Did you know that more men write self-help books than women, but women are the biggest fans of reading? Maybe there’s a lack of masculinity in running to a book for help, or maybe women are hardwired to believe they need fixing. What if, we’re already perfect? What if that thought is so much more than a throwaway message; perhaps it’s the real secret?
Nobody is a winner, all we do is make promises like they are bets,
If the casino boss is our karma, we are forever in debt. We are rolling high on roller-coasters and throwing up at the end,
Yes I adore you and will always be for you, but I love myself more.
What are self-help books teaching us that we can’t teach ourselves? As I finished watching the documentary on laws of attraction, I started to wonder. Why did I not know how important it is to remain positive? Has life been that cruel, or have I programmed myself into society’s belief that growth means change?
Before I was old enough to have two digits in my age, insecurity reached the back of me. I wanted to play freely and be social with all the other kids, but this whisper in my mind, told me I was unlikable. I remember a huge picnic – my mum joined her friends whose children were friends with me and my sister. Everyone went to play, and I sat there with the adults. My heart was afraid of being left out.
My psyche from that moment on – or maybe from another memory, because my mind can’t precise twenty-years of history, began to focus on adaptation. If I could just have my hair as nice as the popular people, or wear those butterfly clips they keep wearing – mini, glittery wings made up of blue and pink sparkles.
Then I’ll have all the friends in the world. That little, wishful thinking in my early years, hasn’t really gone away. It’s merely transformed. Do you ever feel like you have a yearning to improve? Millennial’s apparently are soaking up this thirst for self-help. Forbes wrote a piece mentioning how self-improvement can become an addiction.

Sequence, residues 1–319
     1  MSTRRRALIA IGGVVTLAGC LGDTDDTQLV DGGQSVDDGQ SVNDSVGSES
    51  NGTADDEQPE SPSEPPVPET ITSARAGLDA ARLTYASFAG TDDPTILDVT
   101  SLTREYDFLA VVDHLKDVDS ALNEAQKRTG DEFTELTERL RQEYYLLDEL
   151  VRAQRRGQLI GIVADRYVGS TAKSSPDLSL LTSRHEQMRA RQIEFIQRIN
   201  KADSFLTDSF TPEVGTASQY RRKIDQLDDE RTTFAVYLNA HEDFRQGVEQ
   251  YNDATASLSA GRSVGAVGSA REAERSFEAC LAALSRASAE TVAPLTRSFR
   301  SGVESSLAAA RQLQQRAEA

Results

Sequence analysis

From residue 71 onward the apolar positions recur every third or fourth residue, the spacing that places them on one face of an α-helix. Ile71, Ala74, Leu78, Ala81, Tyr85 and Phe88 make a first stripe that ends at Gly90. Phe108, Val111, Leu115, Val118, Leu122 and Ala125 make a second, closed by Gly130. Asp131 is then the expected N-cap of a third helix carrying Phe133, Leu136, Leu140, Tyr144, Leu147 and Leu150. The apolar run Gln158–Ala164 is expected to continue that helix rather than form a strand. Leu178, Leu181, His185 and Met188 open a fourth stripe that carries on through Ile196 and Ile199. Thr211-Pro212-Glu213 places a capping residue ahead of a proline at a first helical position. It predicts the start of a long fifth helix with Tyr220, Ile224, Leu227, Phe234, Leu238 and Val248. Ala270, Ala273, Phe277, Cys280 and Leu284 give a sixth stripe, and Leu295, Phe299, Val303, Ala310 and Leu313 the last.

Marketing on women
To live as an already perfect woman, you have to physically exude sex appeal and beauty. That’s a message hard-hitting strongly on all girls who stereo-typically spend vast pay on cosmetics and fashion. So, the idea of being better was once solely focused on that aspect. And to find happiness in myself, I did everything the advertisers suggest.
I tried all the latest products, I experimented with my hair; lost a lot of weight. It was only when my acne cleared up and I dropped a couple of stone, that people started to compliment my physical appearance. Funnily enough, I find with Instagram and blogging, it’s shaped the concept of mental health and mental healing, as equally as it has with outside looks and aiming for ripped bodies.
Now we’re bundled with advice on organising, keeping track of time and practising self-love. While I’m a huge believer in this appeal and working on being your best self, I now realise that there’s a wide difference between building on what you want, and trying to live in harmony.
What’s worth staying the same?
It’s a battle you must have with yourself – what’s really worth noting, and what’s already perfect? Because I’m not a morning workout person, I like day-dreaming in bed when the world is asleep, and I like getting creative with my routine. Some days dinner is late, and sometimes I’m hopeless in love.
Does that really need implemented change, or will that naturally occur as I get older? Could life have all the answers already, and all I need to do, is actually live? I’ll continue in my adventure of being my healthiest, working out and researching on all I can find, though I’m going to take the long-road and deliver on positive thoughts and determined goals. If my bed doesn’t get made along the way, I’m okay.
What if you’re already perfect, and life gives you imperfections? What’s your take on change – when do you allow life to guide you, and when do you force yourself to make a new choice?